In 1866 his widow applied for and received a pension (no. 88003).

Robert Guild Barr

Robert Guild or Guild R., also known as “Ban”, was born October 8, 1839, in Paris, Kent County, Michigan, eldest son of Robert M. (1813-1910) and Mary W. (Guild, d. 1909).

In 1826 Robert M. moved from New York to Ypsilanti with his parents, and as a young man of 21, he settled along the banks of the Grand River in 1834, the year after the first permanent settlement was established in what would become Grand Rapids. According to one source, Robert M. “prospered rapidly and engaged in” a variety of trades throughout his life in Grand Rapids: he worked as a musician and was reportedly much in demand at the time, he also worked as a carpenter, and eventually opening a meat business and for a time he manufactured matches. “These matches were plain, primitive sulphur and brimstone variety and were dipped carefully by hand.”

Robert M. met and married Mary Guild, the daughter of Joel Guild, one of the founders of Grand Rapids. (Joel had settled along the banks of the Grand River in 1833).

Little is known of the early life of his son Robert G., who was commonly called “Guild” Barr. By 1859-60 he was boarding on the east side of Spring Street between Island and Oakes Streets, and in 1860 was working as a marble cutter living in Grand Rapids' First Ward.

Guild stood 5’8” with brown eyes, brown hair and a dark complexion and was 21 years old and still living in Grand Rapids when he enlisted on May 28, 1861, in Company A. (He may have been a member of the Valley City Guard, the prewar Grand Rapids militia company whose members would form the nucleus of Company A, under the command of Captain Samuel Judd, who would also command Company A.)

He was shot in the right side of his abdomen, at the battle of Fair Oaks, Virginia on May 31, 1862, and subsequently absent sick in the hospital in July of 1862. It was said in later years that he was wounded so badly at Fair Oaks “that the surgeons supposed he would not live, and hence his wounds were not dressed until about 48 hours after” he was brought in to the hospital. “But,” wrote the Grand Rapids Eagle in 1875, “nature rallied, and after a long prostration under hospital treatment, he was discharged . . . came home and so far recovered as to be able to ride on horseback.”

In fact, however, he soon rejoined his Regiment and was wounded a second time, in his right side, at Second Bull Run on August 29, 1862, and was hospitalized until he was discharged for disability on December 12 at Detroit. According to his discharge paper he received a “wound on the right side of [the] abdomen, passing through the right ilium below the crest, three inches from the spinal column a very severe wound producing lameness and deformity. . . .”

After his discharge from the army Guild returned home to Grand Rapids and ran for constable of the First Ward in April of 1863 but was defeated by John Duris.

Soon afterward, he reentered the service as a Second Lieutenant in Company E, Tenth Michigan cavalry on July 10, 1863, at Grand Rapids for 3 years, and was commissioned July 25th. (The Tenth was formally organized in Grand Rapids between September 18 and November 18, 1863.) In mid-August he had opened a recruiting office for the Tenth cavalry in Abel’s Block on Monroe Street. The Grand Rapids Eagle described Lieutenant Barr as “a big-hearted, whole-souled young man, who will ask no services at the hands of his command that he is not ready and willing to perform at the sound of the bugle.”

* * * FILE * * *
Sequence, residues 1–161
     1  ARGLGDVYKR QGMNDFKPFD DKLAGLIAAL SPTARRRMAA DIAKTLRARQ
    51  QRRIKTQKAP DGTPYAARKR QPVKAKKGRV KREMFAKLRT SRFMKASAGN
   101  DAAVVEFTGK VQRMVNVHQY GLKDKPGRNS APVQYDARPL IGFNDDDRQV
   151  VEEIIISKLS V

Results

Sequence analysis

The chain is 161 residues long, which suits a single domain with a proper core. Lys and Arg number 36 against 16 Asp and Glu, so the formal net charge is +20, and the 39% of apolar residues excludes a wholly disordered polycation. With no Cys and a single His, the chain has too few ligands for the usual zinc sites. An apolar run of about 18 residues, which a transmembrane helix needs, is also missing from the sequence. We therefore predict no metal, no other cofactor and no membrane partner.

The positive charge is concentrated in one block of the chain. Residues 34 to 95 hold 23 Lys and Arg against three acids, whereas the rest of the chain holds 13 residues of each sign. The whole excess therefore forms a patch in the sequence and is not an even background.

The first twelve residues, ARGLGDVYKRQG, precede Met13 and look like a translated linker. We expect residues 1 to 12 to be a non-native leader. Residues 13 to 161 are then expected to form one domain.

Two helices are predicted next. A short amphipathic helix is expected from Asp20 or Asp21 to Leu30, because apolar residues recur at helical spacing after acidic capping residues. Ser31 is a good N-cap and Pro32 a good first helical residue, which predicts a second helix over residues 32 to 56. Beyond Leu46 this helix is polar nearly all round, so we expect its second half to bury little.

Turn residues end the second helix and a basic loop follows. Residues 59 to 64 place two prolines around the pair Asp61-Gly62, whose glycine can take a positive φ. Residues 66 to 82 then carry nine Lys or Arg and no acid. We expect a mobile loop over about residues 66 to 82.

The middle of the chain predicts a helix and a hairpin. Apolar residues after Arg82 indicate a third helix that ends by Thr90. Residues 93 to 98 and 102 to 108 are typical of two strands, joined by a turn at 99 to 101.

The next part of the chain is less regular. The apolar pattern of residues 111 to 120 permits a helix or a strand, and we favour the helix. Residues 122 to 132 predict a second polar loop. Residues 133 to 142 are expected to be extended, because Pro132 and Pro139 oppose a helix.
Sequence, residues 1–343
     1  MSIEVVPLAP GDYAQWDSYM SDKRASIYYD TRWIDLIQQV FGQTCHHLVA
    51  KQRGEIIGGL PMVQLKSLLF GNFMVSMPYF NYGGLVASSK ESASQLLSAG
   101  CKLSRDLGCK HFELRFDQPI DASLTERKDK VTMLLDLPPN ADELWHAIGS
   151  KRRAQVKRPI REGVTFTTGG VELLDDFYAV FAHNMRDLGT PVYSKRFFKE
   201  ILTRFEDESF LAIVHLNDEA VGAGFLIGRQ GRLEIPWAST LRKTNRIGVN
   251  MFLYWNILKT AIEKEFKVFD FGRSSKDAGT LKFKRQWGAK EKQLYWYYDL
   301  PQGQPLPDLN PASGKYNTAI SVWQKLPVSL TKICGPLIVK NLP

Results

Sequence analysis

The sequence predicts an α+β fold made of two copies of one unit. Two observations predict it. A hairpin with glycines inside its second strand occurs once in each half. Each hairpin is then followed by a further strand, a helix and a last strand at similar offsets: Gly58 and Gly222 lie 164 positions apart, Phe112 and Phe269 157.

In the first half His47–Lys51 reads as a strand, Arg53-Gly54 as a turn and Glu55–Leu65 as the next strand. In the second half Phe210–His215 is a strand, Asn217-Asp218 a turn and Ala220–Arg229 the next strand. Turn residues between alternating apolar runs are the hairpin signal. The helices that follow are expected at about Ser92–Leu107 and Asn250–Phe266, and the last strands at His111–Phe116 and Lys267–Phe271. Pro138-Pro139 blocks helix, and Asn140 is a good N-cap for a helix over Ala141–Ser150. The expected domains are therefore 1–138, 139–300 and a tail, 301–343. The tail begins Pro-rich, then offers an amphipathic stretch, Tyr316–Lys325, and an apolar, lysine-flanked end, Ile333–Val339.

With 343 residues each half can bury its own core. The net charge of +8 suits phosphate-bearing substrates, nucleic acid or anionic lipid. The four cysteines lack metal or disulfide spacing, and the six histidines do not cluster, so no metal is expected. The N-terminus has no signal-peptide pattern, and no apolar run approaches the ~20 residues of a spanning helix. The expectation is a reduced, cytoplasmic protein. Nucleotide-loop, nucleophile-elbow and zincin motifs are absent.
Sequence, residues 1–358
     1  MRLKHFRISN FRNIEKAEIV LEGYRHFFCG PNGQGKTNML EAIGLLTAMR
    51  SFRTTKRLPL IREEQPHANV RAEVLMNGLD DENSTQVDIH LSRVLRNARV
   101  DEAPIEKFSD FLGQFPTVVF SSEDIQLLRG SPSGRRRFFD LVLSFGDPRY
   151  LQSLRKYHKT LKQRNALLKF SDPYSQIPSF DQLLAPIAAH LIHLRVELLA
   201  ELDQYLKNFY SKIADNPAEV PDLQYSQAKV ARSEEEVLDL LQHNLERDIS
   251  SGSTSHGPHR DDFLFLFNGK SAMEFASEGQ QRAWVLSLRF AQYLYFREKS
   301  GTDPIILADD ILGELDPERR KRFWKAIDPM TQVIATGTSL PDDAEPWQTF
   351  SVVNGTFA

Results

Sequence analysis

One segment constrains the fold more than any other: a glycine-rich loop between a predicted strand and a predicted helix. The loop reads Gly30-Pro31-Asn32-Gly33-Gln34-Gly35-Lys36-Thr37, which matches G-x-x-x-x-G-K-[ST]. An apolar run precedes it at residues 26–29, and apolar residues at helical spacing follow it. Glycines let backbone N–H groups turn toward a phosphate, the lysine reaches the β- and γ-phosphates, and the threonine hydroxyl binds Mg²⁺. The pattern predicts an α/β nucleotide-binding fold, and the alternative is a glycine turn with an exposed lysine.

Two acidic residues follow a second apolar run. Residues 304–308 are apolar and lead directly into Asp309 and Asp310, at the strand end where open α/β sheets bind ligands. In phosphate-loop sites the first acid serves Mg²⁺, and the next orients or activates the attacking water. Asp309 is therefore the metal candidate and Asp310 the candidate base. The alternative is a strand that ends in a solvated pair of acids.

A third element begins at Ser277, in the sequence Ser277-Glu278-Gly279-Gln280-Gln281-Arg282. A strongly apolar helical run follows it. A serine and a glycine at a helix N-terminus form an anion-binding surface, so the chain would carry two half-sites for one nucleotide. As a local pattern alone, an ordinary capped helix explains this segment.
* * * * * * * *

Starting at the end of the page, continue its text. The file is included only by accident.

On September 4 “A war meeting was held at North Brownville,” Kent County, wrote the Eagle, “for the purpose of getting recruits for the Tenth Cavalry. The meeting was quite large and very spirited. It was addressed by J. D. Edmunds and B. A. Harlan, of [Grand Rapids], resulting in the enlisting of several brave boys under Lt. Barr, with a fair prospect of getting more of the same sort.” Soon after leaving the meeting, however, “a rather amusing incident involving Barr and his brother-in-law Jim Fisk, owner of Fisk’s tavern. It seemed that while Barr and Fisk

were returning from the war meeting, held at North Brownville, last evening, the hour being late, or rather early this morning, and both parties having fallen asleep, their horse necessarily took his own course, and regardless of his sleeping load, ran against a stump a short distance beyond the Lake House, and capsized the buggy, broke a wheel to pieces, and ran away. The unconscious riders were, of course, suddenly aroused from their slumbers by being so terribly joggered and unceremoniously spilt upon the ground. Fortunately, they were not injured and had but a short distance to walk ere they reached a stopping place.

Guild was formally mustered into the Tenth cavalry on October 22 at Grand Rapids, and by the end of October of 1863 was serving with the Regiment in Tennessee. In December he was absent sick since December 12 at Frankfort, Kentucky, and absent sick at Point Burnside, Kentucky from February 26, 1864, but by April of 1864 was with his company on detached service at Knoxville, Tennessee.